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Scenes of ProjectionRecasting the Enlightenment Subject$
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Jill H. Casid

Print publication date: 2015

Print ISBN-13: 9780816646692

Published to Minnesota Scholarship Online: August 2015

DOI: 10.5749/minnesota/9780816646692.001.0001

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Empire through the Magic Lantern

Empire through the Magic Lantern

Chapter:
(p.89) Chapter Two Empire through the Magic Lantern
Source:
Scenes of Projection
Author(s):

Jill H. Casid

Publisher:
University of Minnesota Press
DOI:10.5749/minnesota/9780816646692.003.0003

Chapter two, “Empire through the Magic Lantern,” takes up the psychoanalytic concept of morbid projection to provide an account of the shaping of not just the fortress ego but its violent abjections as well as to show how it is possible to psychoanalyze colonialism in tandem with a decolonization of psychoanalysis. From Anne McClintock's own use of Julia Kristeva's notion of abjection as "something rejected from which one does not part" to Homi Bhabha's formulation in "Sly Civility" of the subject of colonial authority as never free of its "scapegoat fantasy" that makes "him" or the "master" not a fortified castle but a "frontier station of joint occupation," versions of the psychoanalytic concept of projection have provided some of the main tools for postcolonial criticism. I argue that the psychoanalytic concept of projection takes us not only to an important problematization of the binaries of "self" and "other." It also takes us to the very techniques, in a material sense, for their attempted production. Through its case studies the chapter elaborates the magic lantern as a ready theoretical vehicle and satiric trope for demonstrating the extent to which an "Asia," "Africa," or "America" failed to function as a blank screen that stayed safely “over there” because of the ways this device is so fused and infused with what it mediated.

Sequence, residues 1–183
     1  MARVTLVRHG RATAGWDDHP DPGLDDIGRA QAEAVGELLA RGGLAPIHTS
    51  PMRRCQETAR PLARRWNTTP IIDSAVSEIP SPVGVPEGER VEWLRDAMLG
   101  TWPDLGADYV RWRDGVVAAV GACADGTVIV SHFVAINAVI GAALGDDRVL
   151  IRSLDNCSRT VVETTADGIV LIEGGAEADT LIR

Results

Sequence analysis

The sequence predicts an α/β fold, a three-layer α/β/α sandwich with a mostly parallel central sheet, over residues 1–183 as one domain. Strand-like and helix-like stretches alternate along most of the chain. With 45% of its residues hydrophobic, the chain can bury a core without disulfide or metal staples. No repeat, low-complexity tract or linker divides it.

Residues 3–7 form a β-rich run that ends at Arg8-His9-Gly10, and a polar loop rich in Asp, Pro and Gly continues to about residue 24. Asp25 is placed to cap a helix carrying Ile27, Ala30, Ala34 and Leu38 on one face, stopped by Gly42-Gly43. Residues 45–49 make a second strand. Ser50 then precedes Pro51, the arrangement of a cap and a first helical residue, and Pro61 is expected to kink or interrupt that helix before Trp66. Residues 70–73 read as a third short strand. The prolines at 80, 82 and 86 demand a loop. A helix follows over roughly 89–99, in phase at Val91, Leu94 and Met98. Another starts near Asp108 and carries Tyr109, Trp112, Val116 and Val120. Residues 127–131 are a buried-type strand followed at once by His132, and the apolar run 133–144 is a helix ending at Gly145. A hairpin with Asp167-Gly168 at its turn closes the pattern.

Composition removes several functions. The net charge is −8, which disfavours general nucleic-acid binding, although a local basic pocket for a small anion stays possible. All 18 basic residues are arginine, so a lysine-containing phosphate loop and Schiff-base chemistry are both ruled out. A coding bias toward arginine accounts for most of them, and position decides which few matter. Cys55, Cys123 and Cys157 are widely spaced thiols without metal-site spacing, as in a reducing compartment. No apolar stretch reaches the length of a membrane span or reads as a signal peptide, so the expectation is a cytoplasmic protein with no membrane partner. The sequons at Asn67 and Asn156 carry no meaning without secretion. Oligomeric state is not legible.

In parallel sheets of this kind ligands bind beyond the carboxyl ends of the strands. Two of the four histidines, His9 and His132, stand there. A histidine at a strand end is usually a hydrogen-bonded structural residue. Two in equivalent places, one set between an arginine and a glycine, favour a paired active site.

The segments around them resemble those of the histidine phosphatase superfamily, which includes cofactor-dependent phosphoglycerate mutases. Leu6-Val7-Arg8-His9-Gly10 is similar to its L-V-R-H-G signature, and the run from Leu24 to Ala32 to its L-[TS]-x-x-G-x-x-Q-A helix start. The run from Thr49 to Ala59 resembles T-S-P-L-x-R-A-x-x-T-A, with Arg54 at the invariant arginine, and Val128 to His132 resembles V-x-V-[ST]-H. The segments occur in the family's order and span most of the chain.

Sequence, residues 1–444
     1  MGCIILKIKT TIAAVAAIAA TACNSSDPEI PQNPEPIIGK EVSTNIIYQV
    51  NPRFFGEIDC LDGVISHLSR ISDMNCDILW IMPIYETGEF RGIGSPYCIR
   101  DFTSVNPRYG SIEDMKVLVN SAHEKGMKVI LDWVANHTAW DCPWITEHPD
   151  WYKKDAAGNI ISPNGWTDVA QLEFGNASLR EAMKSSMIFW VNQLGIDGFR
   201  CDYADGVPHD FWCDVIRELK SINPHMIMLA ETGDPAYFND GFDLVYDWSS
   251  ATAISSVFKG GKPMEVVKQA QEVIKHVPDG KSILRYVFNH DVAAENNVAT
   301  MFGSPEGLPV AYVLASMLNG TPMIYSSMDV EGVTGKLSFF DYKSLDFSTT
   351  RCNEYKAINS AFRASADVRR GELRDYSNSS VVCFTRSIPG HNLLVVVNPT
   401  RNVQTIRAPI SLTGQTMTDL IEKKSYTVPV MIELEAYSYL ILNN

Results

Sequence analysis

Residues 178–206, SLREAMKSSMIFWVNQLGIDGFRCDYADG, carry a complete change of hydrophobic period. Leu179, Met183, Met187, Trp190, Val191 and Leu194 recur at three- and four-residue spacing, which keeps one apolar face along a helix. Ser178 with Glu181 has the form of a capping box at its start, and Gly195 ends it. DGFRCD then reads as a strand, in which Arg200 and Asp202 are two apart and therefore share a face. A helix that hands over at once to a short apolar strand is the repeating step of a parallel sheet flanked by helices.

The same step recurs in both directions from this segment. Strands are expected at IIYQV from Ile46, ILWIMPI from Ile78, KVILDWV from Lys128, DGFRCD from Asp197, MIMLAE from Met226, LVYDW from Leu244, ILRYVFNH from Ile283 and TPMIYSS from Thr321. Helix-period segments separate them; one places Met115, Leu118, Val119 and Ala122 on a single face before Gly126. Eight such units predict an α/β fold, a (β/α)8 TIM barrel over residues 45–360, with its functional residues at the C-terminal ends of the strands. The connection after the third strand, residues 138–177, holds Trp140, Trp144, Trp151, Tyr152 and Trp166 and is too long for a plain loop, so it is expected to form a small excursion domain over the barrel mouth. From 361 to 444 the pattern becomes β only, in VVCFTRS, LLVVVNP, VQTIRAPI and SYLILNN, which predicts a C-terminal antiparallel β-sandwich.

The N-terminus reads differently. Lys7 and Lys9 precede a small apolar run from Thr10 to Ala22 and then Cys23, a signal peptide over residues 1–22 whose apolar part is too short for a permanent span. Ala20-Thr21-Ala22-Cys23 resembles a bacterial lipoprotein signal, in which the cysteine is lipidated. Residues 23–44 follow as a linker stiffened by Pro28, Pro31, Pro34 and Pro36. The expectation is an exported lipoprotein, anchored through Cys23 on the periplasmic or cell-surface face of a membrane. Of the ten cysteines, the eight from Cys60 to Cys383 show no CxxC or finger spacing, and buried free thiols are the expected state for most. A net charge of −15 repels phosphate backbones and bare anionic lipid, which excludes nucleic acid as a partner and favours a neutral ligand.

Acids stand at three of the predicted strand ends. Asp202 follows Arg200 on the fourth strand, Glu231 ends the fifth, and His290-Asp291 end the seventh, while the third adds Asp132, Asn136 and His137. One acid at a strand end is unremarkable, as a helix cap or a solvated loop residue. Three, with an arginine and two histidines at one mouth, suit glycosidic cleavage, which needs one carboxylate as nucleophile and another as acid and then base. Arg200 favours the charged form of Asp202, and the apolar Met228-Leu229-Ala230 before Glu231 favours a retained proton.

Keywords:   magic lantern, European imperialism, Anne McClintock, geopolitical contests, otherness, gender inequality, racism, European enlightenment, comic inversion

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